As the gates to the Old World temporarily close, players embark on a new campaign of conquest and power in the second entry of Creative Assembly’s planned trilogy, Total War: Warhammer 2. Speaking as a player of the Fantasy Miniatures game it was a treat to see the units on the tabletop come to life in the first entry, but with the addition of four new playable races and an ambitious new campaign, Warhammer 2 reaches a depth of strategy that makes it stand out as one of the best Total War games to date.
Set in the New World, the campaign in Total War: Warhammer 2 is centred on The Great Vortex, a powerful maelstrom of energy that has been thrown out of balance by unforeseen forces. Now in a vulnerable state, each of the four new races enter into a war to take control of the Vortex’s mystic powers in order to accomplish their own ambitions. The Vortex isn’t just for show though, it’s a critical gameplay component players need to pay attention to during their campaign because it is the primary win condition. This adds new depth to the gameplay of traditional Total War games by thrusting players into a race for power instead of just focusing on territorial conquest.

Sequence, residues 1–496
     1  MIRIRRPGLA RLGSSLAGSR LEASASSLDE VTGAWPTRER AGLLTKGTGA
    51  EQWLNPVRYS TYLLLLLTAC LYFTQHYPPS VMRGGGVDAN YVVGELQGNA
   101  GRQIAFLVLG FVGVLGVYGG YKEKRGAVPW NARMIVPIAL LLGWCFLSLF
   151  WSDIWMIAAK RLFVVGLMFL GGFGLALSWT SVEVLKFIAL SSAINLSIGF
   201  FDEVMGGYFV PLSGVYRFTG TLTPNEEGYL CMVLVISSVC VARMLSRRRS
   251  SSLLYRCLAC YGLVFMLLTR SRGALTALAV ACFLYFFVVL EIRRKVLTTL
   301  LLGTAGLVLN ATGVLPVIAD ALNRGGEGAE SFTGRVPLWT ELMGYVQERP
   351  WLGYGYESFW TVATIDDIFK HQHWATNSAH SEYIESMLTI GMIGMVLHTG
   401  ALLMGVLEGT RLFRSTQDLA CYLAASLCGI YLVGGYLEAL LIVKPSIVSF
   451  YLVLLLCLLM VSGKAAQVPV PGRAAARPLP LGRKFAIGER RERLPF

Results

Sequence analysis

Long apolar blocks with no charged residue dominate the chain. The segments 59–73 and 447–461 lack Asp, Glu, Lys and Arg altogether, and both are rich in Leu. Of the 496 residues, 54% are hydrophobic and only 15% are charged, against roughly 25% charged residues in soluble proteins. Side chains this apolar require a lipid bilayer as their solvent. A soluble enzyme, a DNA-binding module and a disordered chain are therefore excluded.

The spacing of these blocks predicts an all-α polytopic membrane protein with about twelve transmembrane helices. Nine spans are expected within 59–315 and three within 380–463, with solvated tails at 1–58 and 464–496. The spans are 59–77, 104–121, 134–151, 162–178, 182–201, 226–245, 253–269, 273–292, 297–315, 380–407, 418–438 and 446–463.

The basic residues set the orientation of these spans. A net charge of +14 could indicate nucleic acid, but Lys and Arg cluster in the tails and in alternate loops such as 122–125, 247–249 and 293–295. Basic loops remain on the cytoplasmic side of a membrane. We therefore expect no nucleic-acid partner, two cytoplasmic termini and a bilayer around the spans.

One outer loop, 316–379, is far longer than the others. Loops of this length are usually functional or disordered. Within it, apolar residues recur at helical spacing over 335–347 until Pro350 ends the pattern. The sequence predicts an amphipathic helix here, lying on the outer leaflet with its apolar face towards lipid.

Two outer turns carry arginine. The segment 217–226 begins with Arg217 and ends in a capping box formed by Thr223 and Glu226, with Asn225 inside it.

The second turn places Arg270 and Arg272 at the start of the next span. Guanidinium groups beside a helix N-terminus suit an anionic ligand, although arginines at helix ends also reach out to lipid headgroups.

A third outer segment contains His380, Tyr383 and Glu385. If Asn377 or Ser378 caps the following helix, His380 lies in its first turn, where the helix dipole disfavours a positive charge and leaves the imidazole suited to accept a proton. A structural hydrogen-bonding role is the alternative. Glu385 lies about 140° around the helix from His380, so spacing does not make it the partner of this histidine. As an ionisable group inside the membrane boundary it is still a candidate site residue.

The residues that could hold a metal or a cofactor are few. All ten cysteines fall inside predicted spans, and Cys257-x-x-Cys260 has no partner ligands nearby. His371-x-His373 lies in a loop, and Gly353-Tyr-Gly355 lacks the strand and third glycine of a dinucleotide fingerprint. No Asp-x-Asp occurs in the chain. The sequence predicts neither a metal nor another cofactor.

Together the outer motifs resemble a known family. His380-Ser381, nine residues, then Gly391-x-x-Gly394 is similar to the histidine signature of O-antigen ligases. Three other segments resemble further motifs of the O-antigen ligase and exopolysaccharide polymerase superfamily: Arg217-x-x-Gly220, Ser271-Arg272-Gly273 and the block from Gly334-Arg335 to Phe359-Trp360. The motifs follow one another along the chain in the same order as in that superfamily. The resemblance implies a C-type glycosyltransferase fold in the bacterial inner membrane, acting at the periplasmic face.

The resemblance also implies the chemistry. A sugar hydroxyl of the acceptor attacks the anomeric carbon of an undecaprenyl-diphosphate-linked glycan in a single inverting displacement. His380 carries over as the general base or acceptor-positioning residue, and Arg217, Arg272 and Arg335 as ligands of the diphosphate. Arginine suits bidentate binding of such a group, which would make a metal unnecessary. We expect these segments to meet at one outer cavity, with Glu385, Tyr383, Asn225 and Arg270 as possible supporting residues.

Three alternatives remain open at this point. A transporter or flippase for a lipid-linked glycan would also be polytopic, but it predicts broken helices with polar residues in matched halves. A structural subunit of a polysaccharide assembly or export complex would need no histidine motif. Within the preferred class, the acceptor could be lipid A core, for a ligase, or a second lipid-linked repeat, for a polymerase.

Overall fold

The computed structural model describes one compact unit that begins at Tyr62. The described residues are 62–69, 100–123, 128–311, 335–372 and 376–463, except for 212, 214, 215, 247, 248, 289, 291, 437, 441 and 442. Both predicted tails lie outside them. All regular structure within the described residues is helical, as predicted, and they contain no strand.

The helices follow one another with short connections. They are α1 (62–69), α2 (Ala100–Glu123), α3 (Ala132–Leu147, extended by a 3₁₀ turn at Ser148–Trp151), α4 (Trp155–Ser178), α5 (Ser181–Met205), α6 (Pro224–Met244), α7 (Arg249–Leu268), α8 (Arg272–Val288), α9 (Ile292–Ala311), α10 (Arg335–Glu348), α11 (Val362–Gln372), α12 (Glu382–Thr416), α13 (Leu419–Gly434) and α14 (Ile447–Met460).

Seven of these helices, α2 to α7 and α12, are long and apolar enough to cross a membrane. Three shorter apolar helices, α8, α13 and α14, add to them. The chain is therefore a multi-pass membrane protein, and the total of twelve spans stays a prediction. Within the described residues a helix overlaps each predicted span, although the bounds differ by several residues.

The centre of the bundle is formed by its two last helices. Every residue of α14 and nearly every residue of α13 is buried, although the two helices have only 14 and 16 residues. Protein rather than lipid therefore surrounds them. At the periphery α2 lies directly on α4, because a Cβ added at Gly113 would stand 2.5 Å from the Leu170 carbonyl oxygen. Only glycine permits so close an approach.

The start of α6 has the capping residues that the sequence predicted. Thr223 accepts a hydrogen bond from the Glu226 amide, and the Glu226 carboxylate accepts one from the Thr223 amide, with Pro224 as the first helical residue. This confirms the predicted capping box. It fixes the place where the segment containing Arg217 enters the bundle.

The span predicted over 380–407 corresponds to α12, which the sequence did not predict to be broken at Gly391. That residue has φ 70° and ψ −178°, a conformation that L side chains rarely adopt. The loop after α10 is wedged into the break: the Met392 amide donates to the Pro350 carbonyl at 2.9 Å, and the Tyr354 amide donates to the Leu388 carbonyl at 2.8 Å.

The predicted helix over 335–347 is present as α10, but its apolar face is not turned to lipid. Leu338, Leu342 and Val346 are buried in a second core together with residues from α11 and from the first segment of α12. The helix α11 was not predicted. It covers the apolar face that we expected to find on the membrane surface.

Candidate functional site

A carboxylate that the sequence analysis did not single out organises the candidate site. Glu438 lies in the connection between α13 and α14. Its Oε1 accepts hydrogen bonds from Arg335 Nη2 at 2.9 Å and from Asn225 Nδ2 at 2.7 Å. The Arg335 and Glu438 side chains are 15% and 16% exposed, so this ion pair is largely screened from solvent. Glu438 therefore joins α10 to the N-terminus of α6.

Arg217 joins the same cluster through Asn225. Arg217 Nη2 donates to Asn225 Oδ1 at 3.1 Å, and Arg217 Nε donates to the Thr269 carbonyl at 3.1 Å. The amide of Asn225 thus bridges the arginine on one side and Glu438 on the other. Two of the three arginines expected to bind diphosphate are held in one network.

Without further ado let’s introduce the games key factions, starting with my personal favourite, the Lizardmen. After gushing about them during my E3 preview it was clear this was my go-to race for my first campaign playthrough. The eclectic mix of savage warriors and feral dinosaurs are insanely fun to field when they go on rampages, but I also enjoyed their political game quite a bit. The Lizardmen’s key strategies involve claiming territory to build a network of magical energy known as the geomantic web, which grants buffs and benefits to their armies.
Next up are the Ancient High Elves, who are the easiest race to approach thanks to their mix of offensive and defensive units. It also doesn’t hurt to have access to three different kinds of dragon and two huge birds. Their political game is one of the more interesting aspects to them. As the High Elves build their armies they gain a unique resource known as influence, which they can use to apply pressure to other factions to ally with their goals and bend to their will.